In just four cases the remedies proposed by the companies were just not good enough. This means that the deals would have significantly reduced competition, usually by creating or strengthening a dominant player.
So, I had to propose to the Commission the prohibition of these proposed transactions.
In the latest prohibition of the end of February, the Commission did not allow the low-cost airline Ryanair to go on with its plans to acquire the control of Aer Lingus – Ireland’s flag carrier.
At present these two companies compete against each other in a number of routes and the deal would have reduced choice and, most likely, led to higher fares on these routes.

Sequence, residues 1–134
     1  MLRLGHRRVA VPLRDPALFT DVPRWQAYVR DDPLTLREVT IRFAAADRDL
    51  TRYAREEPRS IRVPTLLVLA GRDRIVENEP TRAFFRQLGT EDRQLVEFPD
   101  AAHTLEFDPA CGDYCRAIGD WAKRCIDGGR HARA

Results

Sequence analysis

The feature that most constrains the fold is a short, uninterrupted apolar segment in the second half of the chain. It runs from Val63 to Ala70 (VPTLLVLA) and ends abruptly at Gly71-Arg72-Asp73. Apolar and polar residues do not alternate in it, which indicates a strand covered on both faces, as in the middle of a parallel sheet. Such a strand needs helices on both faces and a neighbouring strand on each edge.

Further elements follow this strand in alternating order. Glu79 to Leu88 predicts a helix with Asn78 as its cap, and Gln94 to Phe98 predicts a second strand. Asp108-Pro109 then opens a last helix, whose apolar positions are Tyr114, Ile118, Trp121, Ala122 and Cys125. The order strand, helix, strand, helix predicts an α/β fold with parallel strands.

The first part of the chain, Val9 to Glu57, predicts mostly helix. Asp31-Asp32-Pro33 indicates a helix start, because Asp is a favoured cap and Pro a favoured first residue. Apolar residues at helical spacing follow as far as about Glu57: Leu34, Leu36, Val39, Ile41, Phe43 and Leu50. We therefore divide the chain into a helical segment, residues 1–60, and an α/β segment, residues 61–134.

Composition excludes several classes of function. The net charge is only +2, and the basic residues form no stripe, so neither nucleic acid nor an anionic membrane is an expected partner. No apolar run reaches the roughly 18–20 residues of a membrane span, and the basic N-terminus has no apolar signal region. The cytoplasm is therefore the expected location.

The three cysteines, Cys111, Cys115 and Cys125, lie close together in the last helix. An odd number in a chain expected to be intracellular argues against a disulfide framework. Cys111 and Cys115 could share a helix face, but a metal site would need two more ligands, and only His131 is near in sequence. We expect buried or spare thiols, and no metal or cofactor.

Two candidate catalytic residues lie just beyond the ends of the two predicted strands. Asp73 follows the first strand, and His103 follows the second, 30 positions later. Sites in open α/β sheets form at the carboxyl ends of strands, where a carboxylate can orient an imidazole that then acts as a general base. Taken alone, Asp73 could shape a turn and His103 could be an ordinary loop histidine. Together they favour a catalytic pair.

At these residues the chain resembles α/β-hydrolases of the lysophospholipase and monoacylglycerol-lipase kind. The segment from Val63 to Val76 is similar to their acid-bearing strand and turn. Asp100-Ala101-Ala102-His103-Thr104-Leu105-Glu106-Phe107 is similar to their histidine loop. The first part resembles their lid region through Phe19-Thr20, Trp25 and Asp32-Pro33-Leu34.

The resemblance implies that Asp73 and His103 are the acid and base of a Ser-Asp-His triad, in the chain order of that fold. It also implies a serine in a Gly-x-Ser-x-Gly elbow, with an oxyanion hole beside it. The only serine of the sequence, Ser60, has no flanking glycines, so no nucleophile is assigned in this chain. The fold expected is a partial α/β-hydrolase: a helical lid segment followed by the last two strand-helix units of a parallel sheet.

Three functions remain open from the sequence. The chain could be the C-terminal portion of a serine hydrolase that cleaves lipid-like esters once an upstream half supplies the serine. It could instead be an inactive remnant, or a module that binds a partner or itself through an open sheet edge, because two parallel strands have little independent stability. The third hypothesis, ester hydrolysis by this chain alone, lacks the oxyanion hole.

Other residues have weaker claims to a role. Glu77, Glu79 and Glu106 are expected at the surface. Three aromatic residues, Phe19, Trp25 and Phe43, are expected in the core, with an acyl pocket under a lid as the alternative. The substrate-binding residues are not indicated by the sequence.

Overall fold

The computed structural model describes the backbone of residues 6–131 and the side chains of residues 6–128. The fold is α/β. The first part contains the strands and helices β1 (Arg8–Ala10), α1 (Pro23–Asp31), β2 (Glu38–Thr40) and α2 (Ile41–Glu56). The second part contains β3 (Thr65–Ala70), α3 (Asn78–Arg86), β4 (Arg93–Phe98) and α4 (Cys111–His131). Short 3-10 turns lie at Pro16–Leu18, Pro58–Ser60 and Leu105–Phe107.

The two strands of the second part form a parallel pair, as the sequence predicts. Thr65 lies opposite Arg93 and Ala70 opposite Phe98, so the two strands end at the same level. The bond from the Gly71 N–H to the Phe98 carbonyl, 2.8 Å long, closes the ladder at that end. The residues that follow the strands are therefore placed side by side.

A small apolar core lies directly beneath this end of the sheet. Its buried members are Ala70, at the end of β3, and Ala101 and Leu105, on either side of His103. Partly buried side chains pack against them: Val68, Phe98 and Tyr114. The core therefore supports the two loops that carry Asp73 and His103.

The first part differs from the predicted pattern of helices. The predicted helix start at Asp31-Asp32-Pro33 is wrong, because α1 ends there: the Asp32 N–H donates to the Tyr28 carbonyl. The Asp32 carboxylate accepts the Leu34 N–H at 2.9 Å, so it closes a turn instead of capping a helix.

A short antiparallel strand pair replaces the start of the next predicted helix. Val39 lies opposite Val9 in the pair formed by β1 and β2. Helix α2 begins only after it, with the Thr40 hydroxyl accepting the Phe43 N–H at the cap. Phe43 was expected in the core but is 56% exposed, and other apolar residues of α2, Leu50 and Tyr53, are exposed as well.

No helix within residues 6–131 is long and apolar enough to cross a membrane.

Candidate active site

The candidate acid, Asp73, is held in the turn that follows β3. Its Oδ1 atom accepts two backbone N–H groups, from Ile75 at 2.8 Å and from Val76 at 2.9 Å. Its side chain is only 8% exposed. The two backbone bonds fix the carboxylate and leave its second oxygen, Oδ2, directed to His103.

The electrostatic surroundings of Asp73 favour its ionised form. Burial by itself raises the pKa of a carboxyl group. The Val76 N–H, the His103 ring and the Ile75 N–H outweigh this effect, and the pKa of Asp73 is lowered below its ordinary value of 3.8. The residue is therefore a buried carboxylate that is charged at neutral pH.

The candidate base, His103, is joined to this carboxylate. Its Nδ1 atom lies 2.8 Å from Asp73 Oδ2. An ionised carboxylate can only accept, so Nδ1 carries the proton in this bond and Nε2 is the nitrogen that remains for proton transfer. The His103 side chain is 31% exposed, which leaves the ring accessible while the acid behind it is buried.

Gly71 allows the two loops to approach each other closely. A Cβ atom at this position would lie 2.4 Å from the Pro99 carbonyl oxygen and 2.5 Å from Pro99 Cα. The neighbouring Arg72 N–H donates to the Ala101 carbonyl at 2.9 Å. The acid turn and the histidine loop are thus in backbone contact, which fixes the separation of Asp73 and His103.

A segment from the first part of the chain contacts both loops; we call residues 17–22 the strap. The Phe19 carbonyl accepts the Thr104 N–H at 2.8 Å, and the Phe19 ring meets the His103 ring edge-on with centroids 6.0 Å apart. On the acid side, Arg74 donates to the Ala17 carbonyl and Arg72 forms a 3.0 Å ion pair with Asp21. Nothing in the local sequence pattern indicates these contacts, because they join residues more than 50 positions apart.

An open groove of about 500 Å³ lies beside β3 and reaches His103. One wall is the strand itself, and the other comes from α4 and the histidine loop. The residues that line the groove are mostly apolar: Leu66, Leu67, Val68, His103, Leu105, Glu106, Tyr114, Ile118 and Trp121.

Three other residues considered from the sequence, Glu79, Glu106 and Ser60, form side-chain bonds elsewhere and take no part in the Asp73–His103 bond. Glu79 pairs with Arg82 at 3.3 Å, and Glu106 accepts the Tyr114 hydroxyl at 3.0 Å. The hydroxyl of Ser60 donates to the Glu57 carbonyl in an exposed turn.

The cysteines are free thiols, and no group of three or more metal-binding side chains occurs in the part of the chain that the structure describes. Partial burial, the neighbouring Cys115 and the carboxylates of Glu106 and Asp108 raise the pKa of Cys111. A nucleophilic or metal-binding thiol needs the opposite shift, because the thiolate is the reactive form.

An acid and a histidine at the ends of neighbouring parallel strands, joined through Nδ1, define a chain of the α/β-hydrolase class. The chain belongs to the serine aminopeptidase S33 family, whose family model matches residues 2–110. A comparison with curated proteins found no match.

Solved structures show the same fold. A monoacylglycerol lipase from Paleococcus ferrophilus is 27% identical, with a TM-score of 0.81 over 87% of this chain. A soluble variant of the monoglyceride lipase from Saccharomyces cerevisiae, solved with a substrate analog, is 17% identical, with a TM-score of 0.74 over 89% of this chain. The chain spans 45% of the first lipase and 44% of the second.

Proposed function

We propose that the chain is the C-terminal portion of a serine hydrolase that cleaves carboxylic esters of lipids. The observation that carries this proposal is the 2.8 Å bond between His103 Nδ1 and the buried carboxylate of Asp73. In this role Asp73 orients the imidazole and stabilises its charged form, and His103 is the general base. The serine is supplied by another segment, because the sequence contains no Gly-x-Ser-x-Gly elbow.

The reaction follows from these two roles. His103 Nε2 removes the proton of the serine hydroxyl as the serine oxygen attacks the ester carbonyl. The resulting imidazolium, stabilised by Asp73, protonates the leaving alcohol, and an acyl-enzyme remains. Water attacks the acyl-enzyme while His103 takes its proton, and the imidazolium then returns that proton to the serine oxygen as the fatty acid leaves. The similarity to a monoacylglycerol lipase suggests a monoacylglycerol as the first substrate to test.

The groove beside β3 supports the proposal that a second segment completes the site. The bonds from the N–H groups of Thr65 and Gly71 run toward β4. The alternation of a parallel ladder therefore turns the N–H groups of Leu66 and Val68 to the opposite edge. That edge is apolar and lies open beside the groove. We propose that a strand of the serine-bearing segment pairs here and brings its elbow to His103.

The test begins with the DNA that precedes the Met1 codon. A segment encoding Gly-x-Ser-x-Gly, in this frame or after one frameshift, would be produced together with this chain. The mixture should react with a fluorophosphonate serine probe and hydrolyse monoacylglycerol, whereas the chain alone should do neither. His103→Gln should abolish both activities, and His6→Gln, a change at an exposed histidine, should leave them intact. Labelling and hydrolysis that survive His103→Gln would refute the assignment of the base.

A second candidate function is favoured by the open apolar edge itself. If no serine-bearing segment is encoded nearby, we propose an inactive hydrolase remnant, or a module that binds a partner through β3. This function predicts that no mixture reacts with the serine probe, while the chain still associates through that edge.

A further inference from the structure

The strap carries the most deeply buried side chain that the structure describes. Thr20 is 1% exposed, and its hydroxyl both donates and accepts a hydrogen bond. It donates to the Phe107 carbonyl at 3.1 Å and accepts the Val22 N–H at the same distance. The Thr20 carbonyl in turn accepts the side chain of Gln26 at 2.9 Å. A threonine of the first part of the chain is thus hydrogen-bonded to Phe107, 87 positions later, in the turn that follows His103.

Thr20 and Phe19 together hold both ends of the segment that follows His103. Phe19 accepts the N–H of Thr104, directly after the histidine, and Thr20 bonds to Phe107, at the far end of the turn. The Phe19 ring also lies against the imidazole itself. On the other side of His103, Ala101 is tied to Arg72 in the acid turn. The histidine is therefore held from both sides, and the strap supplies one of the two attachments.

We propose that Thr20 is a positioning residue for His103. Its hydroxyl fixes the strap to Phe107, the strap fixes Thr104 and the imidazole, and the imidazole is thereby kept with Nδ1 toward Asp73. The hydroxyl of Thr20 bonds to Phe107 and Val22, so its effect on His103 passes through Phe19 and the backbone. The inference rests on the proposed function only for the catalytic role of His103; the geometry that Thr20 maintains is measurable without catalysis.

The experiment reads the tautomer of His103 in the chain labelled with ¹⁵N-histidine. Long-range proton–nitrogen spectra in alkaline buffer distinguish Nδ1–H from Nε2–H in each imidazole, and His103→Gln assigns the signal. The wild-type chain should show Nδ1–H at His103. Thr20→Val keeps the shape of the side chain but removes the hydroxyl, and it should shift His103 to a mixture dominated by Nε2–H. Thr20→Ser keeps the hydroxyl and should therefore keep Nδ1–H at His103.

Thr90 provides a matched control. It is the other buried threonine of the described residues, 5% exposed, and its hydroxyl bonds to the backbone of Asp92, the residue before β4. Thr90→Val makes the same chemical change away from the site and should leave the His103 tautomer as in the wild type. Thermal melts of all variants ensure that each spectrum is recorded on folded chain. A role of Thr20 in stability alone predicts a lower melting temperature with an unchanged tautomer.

State aid control is the last part of the competition-policy toolbox I would like to illustrate.
As I said in opening, our founding fathers gave to the Commission the task to take executive decisions over certain government interventions. This is a responsibility that no other competition authority has.
State aid control is a sizeable part of our work. We have taken more than 1,400 State aid decisions in the last three years, and in the vast majority of them we had no objections.
In one case every ten we opened formal investigations and in 33 cases we had to order Member States to recover the funds granted in breach of the rules for an overall amount of approximately €2.9 billion.
We need State aid control in Europe because subsidies and other government measures can distort competition and trade inside the EU and it is the duty of the Commission to ensure that this does not occur.
Of course, State aid is only a province of all government interventions. A subsidy or other measure becomes State aid only when it gives an advantage to companies on a selective basis.